REPORT Nº 4/03





February 20, 2003



I.       SUMMARY


1.      On September 5, 1996 the Inter-American Commission on Human Rights (hereinafter “the Commission” or “ the IACHR”) received a petition from The Movement of Rural Workers without Land (MST) and the Center for Justice and International Law (CEJIL) against the Federal Republic of Brazil (hereinafter “Brazil” or “the State) alleging violation of Articles 4, 5, 8, 25 and 1(1) of the American Convention on Human Rights (hereinafter “the Convention” or “the American Convention”), resulting in harm to Mr. Oziel Alves Pereira and other persons.


2.      The petitioners allege that on April 17, 1996 agents of the Brazilian State murdered 19 rural workers and wounded dozens more when dislodging them from a public roadway where they were camped as part of a much larger group of workers.


3.      The State maintains that domestic remedies have not been exhausted.


4.      After studying the petition and in accordance with Articles 46 and 47 of the American Convention, the Commission concluded that the case is admissible with regard to the alleged violation of Articles 4, 5, 8, 25, 2 and 1(1) of the American Convention.




5.      In accordance with the rules of procedure in force at the time, on October 31, 1996 the Commission opened the case and forwarded the pertinent parts of the petition to the State, requesting that the State provide information within 90 days. The State responded by submitting reports on November 4, November 25 and December 9, 1997. On February 24, 1998, the petitioners submitted their observations on the State’s comments.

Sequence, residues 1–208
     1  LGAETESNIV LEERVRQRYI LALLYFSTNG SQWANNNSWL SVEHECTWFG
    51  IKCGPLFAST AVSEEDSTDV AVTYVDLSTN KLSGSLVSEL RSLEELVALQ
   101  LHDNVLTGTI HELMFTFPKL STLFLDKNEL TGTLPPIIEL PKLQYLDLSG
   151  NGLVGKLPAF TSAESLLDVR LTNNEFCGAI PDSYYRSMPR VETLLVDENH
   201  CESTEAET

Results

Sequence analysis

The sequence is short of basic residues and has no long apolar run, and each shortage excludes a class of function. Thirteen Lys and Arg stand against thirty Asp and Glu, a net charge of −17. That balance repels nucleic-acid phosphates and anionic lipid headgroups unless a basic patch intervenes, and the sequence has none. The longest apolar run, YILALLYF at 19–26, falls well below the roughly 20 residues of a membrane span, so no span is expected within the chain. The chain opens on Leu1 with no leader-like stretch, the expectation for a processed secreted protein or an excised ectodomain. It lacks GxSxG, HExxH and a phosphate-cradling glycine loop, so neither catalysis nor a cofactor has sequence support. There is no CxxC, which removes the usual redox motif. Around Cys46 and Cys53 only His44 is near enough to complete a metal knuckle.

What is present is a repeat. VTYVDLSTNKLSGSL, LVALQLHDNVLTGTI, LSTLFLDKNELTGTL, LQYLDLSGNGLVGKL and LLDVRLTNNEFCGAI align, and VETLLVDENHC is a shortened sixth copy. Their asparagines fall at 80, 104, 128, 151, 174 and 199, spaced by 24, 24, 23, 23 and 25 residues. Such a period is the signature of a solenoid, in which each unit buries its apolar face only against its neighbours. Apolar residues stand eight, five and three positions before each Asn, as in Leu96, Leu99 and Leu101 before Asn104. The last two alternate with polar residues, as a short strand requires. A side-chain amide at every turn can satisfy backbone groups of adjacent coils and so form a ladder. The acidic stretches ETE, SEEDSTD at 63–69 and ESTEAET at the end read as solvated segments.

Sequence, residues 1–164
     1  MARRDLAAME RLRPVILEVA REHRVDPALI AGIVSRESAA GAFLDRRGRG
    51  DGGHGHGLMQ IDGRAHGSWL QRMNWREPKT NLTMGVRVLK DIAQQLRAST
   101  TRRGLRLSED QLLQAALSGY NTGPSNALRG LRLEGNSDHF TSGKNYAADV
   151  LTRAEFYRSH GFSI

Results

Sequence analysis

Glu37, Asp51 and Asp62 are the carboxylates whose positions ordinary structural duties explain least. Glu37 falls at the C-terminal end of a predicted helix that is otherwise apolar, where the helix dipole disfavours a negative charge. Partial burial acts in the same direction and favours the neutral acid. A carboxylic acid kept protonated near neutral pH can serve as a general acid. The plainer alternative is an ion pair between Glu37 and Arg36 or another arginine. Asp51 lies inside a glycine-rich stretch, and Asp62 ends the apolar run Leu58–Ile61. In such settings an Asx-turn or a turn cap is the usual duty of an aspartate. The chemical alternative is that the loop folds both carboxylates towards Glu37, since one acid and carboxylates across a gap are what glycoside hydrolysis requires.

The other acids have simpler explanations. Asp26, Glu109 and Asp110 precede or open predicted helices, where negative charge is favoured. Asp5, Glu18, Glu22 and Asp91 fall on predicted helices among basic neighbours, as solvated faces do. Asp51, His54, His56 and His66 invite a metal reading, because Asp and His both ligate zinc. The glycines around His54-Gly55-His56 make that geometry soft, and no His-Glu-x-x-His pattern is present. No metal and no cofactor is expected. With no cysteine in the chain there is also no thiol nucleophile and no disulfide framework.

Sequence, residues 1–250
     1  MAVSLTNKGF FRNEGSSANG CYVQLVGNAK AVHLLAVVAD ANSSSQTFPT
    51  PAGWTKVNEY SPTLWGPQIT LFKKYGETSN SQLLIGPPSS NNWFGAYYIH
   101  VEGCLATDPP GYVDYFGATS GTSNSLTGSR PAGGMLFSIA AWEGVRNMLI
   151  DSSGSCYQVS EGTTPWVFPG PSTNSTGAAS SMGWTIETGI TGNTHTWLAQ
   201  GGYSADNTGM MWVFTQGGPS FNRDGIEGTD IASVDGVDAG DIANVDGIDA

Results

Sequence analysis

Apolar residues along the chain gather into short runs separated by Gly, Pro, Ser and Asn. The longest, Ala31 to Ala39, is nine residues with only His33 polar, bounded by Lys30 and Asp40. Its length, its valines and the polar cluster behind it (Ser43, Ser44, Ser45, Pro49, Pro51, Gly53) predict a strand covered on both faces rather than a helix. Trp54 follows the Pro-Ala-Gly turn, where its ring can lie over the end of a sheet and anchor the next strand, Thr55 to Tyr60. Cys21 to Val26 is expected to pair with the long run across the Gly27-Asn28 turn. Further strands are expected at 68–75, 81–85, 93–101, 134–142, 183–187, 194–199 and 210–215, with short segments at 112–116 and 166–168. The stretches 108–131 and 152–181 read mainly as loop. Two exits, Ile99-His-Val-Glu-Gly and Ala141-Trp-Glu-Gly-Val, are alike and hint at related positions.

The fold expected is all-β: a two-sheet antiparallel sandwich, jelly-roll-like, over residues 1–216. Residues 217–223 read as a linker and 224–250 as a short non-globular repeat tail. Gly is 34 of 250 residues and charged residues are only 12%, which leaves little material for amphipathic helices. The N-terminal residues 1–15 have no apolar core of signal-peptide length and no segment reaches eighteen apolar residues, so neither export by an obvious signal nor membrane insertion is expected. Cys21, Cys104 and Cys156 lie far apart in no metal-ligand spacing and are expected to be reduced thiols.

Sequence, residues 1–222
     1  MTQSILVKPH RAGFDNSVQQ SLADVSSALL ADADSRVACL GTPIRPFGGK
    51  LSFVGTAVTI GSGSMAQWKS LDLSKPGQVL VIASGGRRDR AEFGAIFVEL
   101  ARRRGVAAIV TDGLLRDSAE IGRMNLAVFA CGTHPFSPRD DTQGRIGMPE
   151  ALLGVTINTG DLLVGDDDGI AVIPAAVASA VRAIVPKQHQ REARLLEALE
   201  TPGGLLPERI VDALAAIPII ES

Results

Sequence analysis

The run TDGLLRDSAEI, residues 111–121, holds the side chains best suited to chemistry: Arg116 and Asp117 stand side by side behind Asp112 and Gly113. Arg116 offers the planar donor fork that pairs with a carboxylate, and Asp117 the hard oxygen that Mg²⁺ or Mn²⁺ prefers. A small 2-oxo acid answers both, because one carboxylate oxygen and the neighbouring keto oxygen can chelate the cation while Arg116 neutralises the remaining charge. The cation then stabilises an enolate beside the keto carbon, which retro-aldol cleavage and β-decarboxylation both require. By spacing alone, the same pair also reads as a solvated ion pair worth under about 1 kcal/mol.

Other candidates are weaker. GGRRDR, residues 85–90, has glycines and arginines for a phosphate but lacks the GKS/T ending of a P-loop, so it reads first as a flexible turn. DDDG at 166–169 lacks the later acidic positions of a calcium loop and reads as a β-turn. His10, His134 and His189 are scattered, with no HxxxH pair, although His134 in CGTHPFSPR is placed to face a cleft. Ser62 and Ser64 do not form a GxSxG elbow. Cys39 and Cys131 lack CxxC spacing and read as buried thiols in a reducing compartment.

6.      Hearings were held on February 24, 1998 and October 5, 1999. During the second hearing, the Commission asked both parties to report to it every 45 days on any developments regarding domestic remedies. The State submitted 12 reports, the last of which was received by the IACHR on February 25, 2002.


7.      Each of the parties made various submissions of arguments and supporting documentation, each being duly passed on to the other party.  On December 12, 2002, the petitioners provided an updated account regarding domestic remedies, a copy of which was given to the State on January 13, 2003.




A.       Petitioners


          8.       The petitioners claim that at approximately 4.00 p.m. on April 17, 1996, 155 military police surrounded a group of approximately 1,500 rural workers that were then camped on the shoulder of national route PA 150 in the municipality of El Dorado do Carajas, state of Pará.


          9.       They point out that the events must be seen in the framework of the precarious situation of rural workers and their families in Brazil and especially in the state of Pará, due to the fact that they do not have sufficient land to be able to make a decent living.


          10.     They point out that the workers affected were on their way to Belém, the capital of Pará, to demand that an agreement made with the National Institute for Land Settlement and Agrarian Reform (INCRA) and the Pará State Government providing for the expropriation of the “Macacheira” hacienda, be respected.  They add that the workers had set up camp demanding that State authorities provide them with food and transportation so that they could reach their destination.


          11.     The petitioners allege that after surrounding the workers on both sides of the road, the military police begun to fire upon them. They state that as a result 19 workers died, 6 killed by the initial fire and 13 summarily executed once the road was cleared as they had been wounded by the initial fire and were not able to flee. They add that 69 other workers were seriously wounded and dozens more suffered minor wounds.


          12.     They point out that two police investigations of the events were opened. The Military Police opened one on homicide, bodily harm and other offenses that would come under the jurisdiction of the state military justice system. The civil police opened their own investigation into the very same events, but with regard to offenses coming under the jurisdiction of the civil justice system, such as abuse of authority.